Transparency – A Key to Spatial Depth in Painting
Part 2, Color
This online tutorial is a transcription from a 2002 lecture I gave at the Courage of Your Perceptions Conference (Satellite to the EC’s Vision Scientists’ Conference) in Glasgow, Scotland.Given a two-dimensional surface, transparency and contrast are a means to place identities/forms through spatial depth.
In Part 1 I discussed how this theory works with gray tonal scales and in paintings with limited color range. Let’s see what happens when we introduce intense colors.
It’s important to note that contrast in color is not so much about light and dark but, rather, it is about color opposites. For example here is a classic color wheel in which opposite colors, also known as complimentary colors, are juxtaposed. Three major contrasts are:
Red vs. Green
Blue vs. Orange
Yellow vs. Violet
Continue reading “Transparency – A Key to Spatial Depth in Painting Part 2, Color”
The inter-connectivity of form, light, and space how they support one another.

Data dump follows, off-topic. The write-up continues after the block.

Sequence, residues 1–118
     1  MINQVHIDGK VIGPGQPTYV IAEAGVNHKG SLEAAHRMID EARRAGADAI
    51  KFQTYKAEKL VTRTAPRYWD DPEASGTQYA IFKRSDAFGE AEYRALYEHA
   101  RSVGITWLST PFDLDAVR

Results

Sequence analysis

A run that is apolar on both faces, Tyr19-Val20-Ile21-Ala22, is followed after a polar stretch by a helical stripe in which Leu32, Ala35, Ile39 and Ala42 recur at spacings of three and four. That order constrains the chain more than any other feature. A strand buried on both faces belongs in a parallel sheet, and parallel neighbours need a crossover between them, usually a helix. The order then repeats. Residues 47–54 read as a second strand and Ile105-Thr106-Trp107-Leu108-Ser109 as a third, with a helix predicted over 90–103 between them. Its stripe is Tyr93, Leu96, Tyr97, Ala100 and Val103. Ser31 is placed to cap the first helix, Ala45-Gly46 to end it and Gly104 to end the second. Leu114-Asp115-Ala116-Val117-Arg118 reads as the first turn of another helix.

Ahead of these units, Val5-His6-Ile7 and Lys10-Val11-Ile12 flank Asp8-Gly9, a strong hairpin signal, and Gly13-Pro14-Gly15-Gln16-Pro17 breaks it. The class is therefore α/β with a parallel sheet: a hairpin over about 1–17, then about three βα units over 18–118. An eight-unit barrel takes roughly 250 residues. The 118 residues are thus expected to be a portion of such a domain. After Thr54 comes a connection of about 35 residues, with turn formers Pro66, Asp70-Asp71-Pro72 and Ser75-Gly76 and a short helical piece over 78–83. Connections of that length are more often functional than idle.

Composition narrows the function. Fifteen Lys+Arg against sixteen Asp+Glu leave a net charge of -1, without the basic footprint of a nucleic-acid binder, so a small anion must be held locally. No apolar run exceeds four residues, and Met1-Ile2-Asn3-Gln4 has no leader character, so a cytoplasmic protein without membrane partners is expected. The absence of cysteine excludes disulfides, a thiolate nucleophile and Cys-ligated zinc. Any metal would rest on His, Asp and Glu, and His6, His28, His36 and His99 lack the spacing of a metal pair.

Titian, La Schiavona, 1510
As a teenager, I traveled a bit and got great pleasure going to art museums. I would quickly move from one room to another, skimming all the paintings at a glance, until one caught my attention. Then, I would stop to satisfy my curiosity or pleasure in that painting.
Only after I had my fill would I look at the signature or the identification card. The painters were names like: Manet, Rembrandt, Rubens, Picasso, Titian, Van Gogh, Monet.
I had a particular way of cataloging my experiences with those artists–I sought out the common “things” that drew me to them. There were stunning and mysterious visual components that I wanted to understand.
Continue reading “3 Visual Axioms: You’ve Got It If You Get It”